When I was a child, my parents had one simple rule — and I bet yours did, too.
If the sun was up, we were outside. We were running around the neighbourhood, playing baseball together with some friends.
I can’t think of too many of my friends who were seriously overweight — and I didn’t know any who were diabetic.
But you practically need a forklift truck to get today’s children off the couch. Childhood obesity has become an epidemic, and lots of children are staring down the barrel of a lifetime of heart disease and blood sugar problems before they even finish secondary school.
You can bet that mobile phones, video games and hundreds of television channels are doing their part to keep children overweight and unhealthy — but it doesn’t look like they’re getting any help from Big Pharma either.
A new study has proven that antibiotics — one of the most commonly prescribed classes of drugs around — are packing dangerous and unhealthy pounds on our children.
According to the study, published in the International Journal of Obesity, children who took antibiotics gained weight faster than those who didn’t — and that weight gain lasted well into adulthood.
Johns Hopkins researchers analysed the health records of 164,000 children ages 3 to 18, looking at the number of antibiotic prescriptions they took, body weight and height. By the time they reached the age of 15, children who took antibiotics were noticeably heavier than those who didn’t.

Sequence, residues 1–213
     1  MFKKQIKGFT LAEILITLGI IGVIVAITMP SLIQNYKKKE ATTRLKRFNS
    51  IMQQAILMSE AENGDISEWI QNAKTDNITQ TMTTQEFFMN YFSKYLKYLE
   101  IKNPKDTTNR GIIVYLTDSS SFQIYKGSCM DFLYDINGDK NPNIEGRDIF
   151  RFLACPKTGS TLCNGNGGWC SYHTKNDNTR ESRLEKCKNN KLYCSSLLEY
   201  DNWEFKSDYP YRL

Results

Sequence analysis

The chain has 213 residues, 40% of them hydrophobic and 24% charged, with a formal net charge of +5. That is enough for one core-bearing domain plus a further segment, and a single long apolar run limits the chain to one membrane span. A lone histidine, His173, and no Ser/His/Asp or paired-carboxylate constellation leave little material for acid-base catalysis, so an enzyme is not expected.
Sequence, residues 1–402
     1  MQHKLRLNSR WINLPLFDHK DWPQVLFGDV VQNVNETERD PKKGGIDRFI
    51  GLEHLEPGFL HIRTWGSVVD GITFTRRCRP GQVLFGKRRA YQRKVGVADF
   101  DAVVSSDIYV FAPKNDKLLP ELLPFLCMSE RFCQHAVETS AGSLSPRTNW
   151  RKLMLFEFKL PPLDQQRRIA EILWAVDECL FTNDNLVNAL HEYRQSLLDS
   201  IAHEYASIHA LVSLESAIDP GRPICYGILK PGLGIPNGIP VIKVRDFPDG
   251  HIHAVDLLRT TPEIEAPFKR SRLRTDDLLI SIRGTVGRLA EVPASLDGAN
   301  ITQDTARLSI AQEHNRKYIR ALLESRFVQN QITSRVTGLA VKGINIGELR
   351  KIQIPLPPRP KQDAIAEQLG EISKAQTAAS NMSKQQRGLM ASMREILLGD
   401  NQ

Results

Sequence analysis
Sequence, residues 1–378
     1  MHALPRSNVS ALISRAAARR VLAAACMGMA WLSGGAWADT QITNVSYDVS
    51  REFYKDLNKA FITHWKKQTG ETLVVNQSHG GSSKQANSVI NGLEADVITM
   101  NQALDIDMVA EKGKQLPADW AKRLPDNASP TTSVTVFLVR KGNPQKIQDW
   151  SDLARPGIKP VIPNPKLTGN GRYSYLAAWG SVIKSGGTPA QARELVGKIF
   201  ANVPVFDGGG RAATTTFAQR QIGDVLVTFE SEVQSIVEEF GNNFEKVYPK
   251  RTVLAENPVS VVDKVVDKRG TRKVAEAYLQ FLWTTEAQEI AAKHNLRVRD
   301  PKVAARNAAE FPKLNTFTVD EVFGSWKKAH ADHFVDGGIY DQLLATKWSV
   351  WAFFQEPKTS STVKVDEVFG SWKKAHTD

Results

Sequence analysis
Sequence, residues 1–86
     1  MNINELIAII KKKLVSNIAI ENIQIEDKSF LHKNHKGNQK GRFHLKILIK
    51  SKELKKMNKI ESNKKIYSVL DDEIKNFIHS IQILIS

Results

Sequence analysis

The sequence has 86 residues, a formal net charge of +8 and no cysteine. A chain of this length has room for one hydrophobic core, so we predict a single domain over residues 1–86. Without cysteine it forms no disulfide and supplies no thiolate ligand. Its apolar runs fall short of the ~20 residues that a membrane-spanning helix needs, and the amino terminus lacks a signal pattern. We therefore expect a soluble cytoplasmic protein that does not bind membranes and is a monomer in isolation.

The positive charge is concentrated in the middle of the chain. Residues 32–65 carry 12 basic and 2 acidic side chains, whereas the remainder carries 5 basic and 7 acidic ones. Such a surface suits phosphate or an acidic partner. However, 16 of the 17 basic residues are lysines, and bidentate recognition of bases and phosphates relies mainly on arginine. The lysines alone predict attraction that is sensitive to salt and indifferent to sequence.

The older the child, the more the antibiotics contributed to weight gain.
That really shouldn’t come as a surprise to anyone. Farmers have been using antibiotics for years to force livestock to gain weight before slaughter.
You see, antibiotics don’t just kill the bad bacteria causing your sickness. They wipe out healthy bacteria in your gut, too. This shift in gut bacteria can permanently change the way food is broken down and absorbed in your body and can cause you to build up fat.
Limiting how often we — or our children — take antibiotics should be easy enough. As I’ve told you before, doctors frequently hand them out like sweets — even for colds or viruses they were never meant to treat.
So before filling any prescription for antibiotics, always make sure you really need it.
Don’t forget that one of our main sources of antibiotic exposure comes from the beef and poultry we eat that have been loaded with the drugs. That’s why you should always insist on antibiotic-free meat for your family and keep your children and grandchildren away from fast food restaurants. Very few fast-food and chain restaurants serve antibiotic-free meat.
Limiting our children’s exposure to antibiotics is important to helping them maintain a healthy weight. That and reminding them to turn off that Xbox and run around outside once in a while.Wishing you the best of health,
Dr. Glenn S. Rothfeld
Nutrition & Healing
Frequent antibiotics may make our kids fatter, nytimes.com